By: Magna Carta Law Office
Bankruptcy is a legal proceeding involving a person or business that is unable to repay outstanding debts. Under Thai law, bankruptcy is an involuntary act whereby the law causes the assets of a debtor to be distributed among its creditors to repay a portion of outstanding debt.
Any creditor owed more than 1 Million Baht by an individual debtor or more than 2 Million Baht by a corporate debtor may file a bankruptcy action against such debtor. However, the debtor must first be proven insolvent.
It shall be presumed that the debtor is insolvent if any of the following proceedings occur:
If the debtor transfers property or rights in the management of his property to others for the benefit of all his creditors whether such be done within or outside Thailand;
If the debtor transfers his assets with dishonest intent or fraud, whether such be done within or outside Thailand;
If the debtor transfers his property or creates any right over such property which, if the debtor were a bankrupt, would be deemed an act of preference, whether such act be done within or outside Thailand;
If the debtor does any of the following things in order to avoid or delay payment of his debt:
Leaves or remains outside Thailand;
Leaves the premises in which he has resided, or conceals himself in any premises, or absconds, or closes his place of business;
Removes assets out of the jurisdiction of the Court;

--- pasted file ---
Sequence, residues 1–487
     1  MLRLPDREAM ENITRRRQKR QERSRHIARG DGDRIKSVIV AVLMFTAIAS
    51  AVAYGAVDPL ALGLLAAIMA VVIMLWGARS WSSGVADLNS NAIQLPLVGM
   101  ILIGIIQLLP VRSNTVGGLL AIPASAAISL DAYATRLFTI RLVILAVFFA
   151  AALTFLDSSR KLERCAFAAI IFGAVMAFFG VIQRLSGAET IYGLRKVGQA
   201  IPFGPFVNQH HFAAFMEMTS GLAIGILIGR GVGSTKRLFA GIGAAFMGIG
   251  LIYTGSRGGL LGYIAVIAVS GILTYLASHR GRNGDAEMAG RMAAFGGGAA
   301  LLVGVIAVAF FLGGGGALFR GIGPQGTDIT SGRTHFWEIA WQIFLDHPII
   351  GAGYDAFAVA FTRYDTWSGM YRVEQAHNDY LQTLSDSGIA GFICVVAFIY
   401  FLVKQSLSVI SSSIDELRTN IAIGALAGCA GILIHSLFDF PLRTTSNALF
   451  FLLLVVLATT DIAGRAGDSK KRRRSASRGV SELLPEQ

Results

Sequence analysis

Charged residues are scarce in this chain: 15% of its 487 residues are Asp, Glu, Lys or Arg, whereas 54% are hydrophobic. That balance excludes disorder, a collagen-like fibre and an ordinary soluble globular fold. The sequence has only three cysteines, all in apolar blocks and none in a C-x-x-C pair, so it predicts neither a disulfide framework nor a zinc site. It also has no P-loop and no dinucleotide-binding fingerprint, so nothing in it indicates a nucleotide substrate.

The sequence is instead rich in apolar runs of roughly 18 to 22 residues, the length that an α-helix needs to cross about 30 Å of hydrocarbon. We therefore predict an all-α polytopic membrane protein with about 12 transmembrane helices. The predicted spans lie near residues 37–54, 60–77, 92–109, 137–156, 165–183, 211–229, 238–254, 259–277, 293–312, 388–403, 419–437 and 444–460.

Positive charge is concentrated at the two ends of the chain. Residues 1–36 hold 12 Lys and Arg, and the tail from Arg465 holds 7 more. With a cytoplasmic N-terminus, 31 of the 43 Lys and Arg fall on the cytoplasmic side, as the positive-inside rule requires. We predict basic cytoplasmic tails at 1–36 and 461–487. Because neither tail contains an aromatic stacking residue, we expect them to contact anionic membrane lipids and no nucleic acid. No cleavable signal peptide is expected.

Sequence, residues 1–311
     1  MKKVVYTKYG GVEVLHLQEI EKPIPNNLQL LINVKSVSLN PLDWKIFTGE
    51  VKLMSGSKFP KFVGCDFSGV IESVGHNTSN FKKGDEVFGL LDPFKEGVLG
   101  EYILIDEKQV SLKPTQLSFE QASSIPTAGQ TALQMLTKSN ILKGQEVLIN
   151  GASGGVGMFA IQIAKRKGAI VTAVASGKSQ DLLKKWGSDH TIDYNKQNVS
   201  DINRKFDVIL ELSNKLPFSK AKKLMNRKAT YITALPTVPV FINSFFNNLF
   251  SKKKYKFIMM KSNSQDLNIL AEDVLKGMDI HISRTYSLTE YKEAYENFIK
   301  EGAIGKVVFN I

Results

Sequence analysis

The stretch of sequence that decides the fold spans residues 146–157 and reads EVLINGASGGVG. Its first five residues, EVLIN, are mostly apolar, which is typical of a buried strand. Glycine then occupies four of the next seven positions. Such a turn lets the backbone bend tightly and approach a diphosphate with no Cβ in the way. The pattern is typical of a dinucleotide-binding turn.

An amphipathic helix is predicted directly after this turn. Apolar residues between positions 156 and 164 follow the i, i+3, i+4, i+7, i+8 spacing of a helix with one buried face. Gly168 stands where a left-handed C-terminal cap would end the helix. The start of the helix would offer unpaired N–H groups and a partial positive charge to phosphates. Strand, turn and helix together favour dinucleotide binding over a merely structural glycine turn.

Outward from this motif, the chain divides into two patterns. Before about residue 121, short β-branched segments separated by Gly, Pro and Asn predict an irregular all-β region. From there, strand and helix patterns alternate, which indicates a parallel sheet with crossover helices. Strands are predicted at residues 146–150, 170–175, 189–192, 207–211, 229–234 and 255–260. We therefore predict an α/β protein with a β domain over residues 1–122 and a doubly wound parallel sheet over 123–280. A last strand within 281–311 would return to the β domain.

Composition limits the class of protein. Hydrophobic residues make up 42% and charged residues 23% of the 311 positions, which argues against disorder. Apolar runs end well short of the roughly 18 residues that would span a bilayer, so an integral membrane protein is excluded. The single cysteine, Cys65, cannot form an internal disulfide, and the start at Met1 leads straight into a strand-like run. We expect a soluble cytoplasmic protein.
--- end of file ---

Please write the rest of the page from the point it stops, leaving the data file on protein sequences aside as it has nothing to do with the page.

Consents to a judgment ordering the payment of money which he should not pay;
If the debtor has had his property seized under a writ of execution, or there is no property of any kind capable of being seized for the payment of the debt;
If the debtor informs any of his creditors, or the court in any action that he cannot pay his debts;
If the debtor submits a proposal for the compromise on his debts to any two or more of his creditors;
If the debtor informs any of his creditors that he cannot pay for such debt;
If the debtor receives demands from his creditor to pay his debt not less than twice, at intervals of not less than thirty days, and does not pay the debt.
An individual who is adjudged to be bankrupt shall be immediately discharged from bankruptcy after the lapse of 3 years from the date of adjudication by the court. However, if such a person has had a previous bankruptcy within 5 years, the automatic discharge period will be extended to 5 years. In cases of dishonest bankrupts, the court may extend the period to 10 years, except in cases of special conditions on the request filed by the Official Receiver or the bankrupt person. In cases of offense on misappropriation or cheating on borrowings from the public, the automatic discharge period is extended to 10 years.